Wednesday, 17 October 2007

One million householders use credit cards to pay mortgages or rent

More than a million householders have used credit cards to pay their mortgage or rent in the past 12 months, according to a new survey published today by Shelter in its magazine ROOF.

In a desperate attempt to stay on the housing ladder a growing number of young people, including first-time buyers, are turning to credit cards, with almost seven and a half per cent of people aged 18 and 24 saying they had done so in the last 12 months.

The survey, conducted by YouGov for ROOF magazine, polled two thousand households following the Northern Rock crisis. Six percent of respondents who pay mortgages or rent said they had relied on a credit card to make payments, equating to a national figure of more than a million householders.

Shelter chief executive Adam Sampson described the results as shocking, and added: “The number of people hit by the credit crunch, interest rate hikes and unaffordable housing costs are rapidly rising.

“For many people trying to keep a roof over their head desperation is driving them to short-term, high-cost borrowing. Ordinary people are being forced to seek more risky and expensive ways to stave off the threat of eviction and repossession.”

Most credit card companies charge interest at between 15 and 18 per cent – nearly 50 per cent above even the highest mortgage interest rates of 11 or 12 per cent in the sub prime sector.

But for people with poor credit ratings the card companies can charge interest rates of up to 40 per cent, a staggering five times above the average mortgage rate.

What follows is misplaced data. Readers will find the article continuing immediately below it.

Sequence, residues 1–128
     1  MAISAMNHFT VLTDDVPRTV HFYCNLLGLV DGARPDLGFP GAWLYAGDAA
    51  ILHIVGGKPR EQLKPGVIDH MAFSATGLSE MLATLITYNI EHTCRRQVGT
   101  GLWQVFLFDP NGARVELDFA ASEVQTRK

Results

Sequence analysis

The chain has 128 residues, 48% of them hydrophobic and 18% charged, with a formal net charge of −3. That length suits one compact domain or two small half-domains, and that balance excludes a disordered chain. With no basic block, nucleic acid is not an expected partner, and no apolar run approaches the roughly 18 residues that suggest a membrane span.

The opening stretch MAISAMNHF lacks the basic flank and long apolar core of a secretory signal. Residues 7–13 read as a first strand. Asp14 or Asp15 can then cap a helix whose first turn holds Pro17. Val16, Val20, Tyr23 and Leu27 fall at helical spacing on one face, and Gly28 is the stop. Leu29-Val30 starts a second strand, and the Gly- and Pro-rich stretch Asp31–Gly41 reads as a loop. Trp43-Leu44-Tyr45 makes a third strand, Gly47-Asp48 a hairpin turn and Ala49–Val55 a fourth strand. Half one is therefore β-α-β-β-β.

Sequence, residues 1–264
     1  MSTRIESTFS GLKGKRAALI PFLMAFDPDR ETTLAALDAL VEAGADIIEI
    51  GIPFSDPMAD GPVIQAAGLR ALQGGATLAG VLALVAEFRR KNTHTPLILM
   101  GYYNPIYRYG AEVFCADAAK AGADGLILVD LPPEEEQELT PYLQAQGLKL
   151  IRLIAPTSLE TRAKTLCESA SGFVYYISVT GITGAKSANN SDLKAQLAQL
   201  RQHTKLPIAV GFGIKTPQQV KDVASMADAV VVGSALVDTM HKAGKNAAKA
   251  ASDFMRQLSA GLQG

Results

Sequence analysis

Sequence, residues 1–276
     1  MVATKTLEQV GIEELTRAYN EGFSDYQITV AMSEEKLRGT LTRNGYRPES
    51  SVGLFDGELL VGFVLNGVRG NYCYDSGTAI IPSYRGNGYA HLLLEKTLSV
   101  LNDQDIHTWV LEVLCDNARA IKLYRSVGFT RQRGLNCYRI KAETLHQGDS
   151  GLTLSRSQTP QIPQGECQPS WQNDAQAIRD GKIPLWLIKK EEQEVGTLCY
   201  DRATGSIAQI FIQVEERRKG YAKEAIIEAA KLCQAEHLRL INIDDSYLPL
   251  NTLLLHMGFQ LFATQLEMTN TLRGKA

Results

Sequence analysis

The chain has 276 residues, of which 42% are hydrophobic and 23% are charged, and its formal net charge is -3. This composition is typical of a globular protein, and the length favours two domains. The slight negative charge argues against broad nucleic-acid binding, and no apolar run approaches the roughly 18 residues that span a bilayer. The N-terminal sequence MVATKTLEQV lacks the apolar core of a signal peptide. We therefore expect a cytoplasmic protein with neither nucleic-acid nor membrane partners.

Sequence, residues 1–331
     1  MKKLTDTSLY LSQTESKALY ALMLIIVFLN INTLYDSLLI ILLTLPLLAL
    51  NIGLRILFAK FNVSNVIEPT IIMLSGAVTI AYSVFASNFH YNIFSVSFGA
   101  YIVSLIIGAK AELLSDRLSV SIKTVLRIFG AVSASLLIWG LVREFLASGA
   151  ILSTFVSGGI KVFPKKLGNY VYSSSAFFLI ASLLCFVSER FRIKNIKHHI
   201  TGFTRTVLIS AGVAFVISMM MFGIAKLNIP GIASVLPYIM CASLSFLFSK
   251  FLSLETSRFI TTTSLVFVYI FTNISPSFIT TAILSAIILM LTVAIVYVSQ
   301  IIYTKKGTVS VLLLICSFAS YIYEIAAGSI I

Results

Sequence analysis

Stuart Freeman, director of services at Community Housing Advice Service, which offers advice on housing and debt, said: “There is such pressure on people’s budgets that paying your mortgage or rent by credit card, then paying that card with another card is becoming the norm for many people.

“It leads to an ever spiralling maze of debt, and eventually the credit simply runs out.”

The poll also found the practice more prevalent in men than women with seven per cent of men admitting to using credit cards compared to six per cent of women.

The situation is worst in the Midlands and Wales with nine per cent – almost one in ten – households in the region using credit cards to keep a roof over their head. Northern England and London were closer to the national average at six per cent whilst Scotland polled at just three per cent.

Part of the problem stems from irresponsible mortgage lending allowing people to overstretch themselves financially, forcing them to use credit cards to stay afloat. However Heather Keates, Director of Community Money Advice, said lenders shouldn’t shoulder all the blame.

“If someone is making minimum payments on their credit card and they have four or five cards, when they are credit checked they don’t look like a bad risk because companies don’t have the whole picture.

She added: “It’s fine if you pay off the balance every month, but I would suggest that the majority of people don’t – they just pay off the minimum, so the debt starts to spiral.”

Shelter’s Adam Sampson continued: “Clearly this is a huge problem which will only become more widespread as housing costs continue to rise.

“We would urge anyone struggling with the cost of their mortgage or rent to seek independent financial advice or log onto urgently before resorting to such desperate, and ultimately more expensive, measures.”

In the ROOF magazine article, Damon Gibbons, Chair of Debt on our Doorstep comments:

"One in ten is a phenomenal figure and shows that people are significantly overcommitted. It shows they are concerned that they could face repossession action for not paying their housing costs and are keen to try and maintain those payments if at all possible."

He called for a national strategy for debt advice services to ensure access to assistance for those in financial difficulties:

"What is clear is that better advice is needed to help people rearrange their finances and pay less on unsecured credit before this problem escalates. We don’t have a national strategy for debt advice provision and somebody has got to address this issue fast."

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